The researchers compared the results with similar studies that had been done before.
“It was interesting to see that there was a good connection. But something also emerged that was quite inconceivable for the first Norwegian survey we compared with that had been carried out a hundred years earlier,” says Teigen.
Whereas historical figures dominated in response to the question of role models a hundred years earlier, quite a few of the young people around the turn of this millennium responded that they would most like to just be themselves.
“We didn't even have any questions on this, but it came up completely on its own,” says the researcher.
Researchers also change over time
In a 1940s survey, a few participants answered that they wanted to be themselves, but the researchers at the time believed that these responses sabotaged the entire study, Teigen says.
“When we get to the 1960s, the response that you have no other ideal than yourself was considered very mature and grown up by the researchers. This reaction indicates a change in the researchers over time,” says Teigen.
He does not reject the idea that the ideals of youth have changed yet again.
“Quite informally, I asked a group of students the same question last fall. No one reacted negatively to it. Many of the girls then said that their mother was their ideal,” Teigen says.
Can't say that Norwegian youth are all like this
Teigen has read Haugseth's new study and finds it interesting, but he also points to some limitations.
First, the study is based on a broad but self-selected sample.
Adolescents are recruited through paid ads on Facebook and Instagram. The researcher received 363 answers to the ads. In addition, he conducted focus group interviews with 18 young people.
“Their responses give a positive picture of youth, but they’ve chosen to answer the questionnaire themselves. This can skew the results to make it look like young people are so reflective and positive to the survey that they take the time to do it. It doesn’t represent both the silent and the talkative members of this population,” Teigen says.
This potential bias means it is not that easy to establish that "Norwegian youth are like this" based on this study, according to Teigen.
The survey also asks who the young people are inspired by, not whom they admire or want to look like.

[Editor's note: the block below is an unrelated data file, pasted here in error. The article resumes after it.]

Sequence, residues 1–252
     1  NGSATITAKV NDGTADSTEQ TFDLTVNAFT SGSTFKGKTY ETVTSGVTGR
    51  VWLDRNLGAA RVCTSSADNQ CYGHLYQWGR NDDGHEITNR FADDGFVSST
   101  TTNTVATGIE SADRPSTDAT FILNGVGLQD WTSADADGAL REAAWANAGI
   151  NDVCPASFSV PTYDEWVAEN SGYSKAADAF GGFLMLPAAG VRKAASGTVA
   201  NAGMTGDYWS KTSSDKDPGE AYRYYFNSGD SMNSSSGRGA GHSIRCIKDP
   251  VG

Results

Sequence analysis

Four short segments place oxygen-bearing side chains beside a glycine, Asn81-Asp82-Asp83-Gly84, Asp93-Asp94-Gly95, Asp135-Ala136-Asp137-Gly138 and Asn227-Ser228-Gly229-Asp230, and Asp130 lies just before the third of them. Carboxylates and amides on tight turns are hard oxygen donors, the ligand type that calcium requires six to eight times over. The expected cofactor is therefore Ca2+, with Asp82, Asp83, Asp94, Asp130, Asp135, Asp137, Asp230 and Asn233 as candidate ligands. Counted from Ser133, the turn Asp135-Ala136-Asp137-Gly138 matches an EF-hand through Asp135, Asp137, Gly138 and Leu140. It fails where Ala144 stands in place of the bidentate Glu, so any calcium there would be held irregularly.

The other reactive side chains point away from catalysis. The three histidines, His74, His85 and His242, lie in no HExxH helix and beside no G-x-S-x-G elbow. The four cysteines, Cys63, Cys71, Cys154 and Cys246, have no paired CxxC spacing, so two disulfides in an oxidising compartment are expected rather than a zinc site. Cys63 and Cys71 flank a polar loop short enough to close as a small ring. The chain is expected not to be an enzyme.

“This question lends itself to eliciting certain types of positive answers, but it hardly opens the door for answering ‘myself’", he says.
Teigen believes it is difficult to compare the new results with the 2000 survey or use them to shed light on a societal trend.
Haugseth also thinks it is problematic to compare the studies.
“The researchers in the study 20 years ago used younger adolescent participants – 13-14 year olds and 16-18 year olds. I studied young people who are 19-20 years old. This age difference may explain some of the variations,” he says.
Haugseth thinks younger adolescents may be more immature and haven’t gained enough distance from their own childhood or upbringing that they can see the value of what their parents and grandparents do, for example.
He believes a strength of the new study is that it does not put words in the mouths of the respondents, but lets them think freely. The young people are asked to describe their role models in their own words.
“If you’re going to rank questions by how much you agree with a statement, youth tend to be very easily guided by the survey. Some of the problem with the Ungdata questionnaires, for example, is that they put response options into the mouths of young people,” says Haugseth.
Larger study in progress
Haugseth warns, as does Teigen, against using the study to determine a general trend. He thinks the sample is too small to do this.
But a main tendency, that young people report being inspired most by the people closest to them, concurs with other research on youth, he believes.
“I also believe there’s evidence to infer that the attitudes about caring and achievement are widespread among Norwegian youth – across gender, social backgrounds and where in Norway they live.
The researcher is now conducting a larger study to include data from young people both in Sweden and in Norway. This will give him broader data for finding out if today's youth are actually more collectively oriented than their parent generation.
Translated by: Ingrid P. Nuse
Jan Frode Haugseth: Ungdommens idealer [The ideals of youth], Norsk sosiologisk tidsskrift, 02/2020 (Volume 4).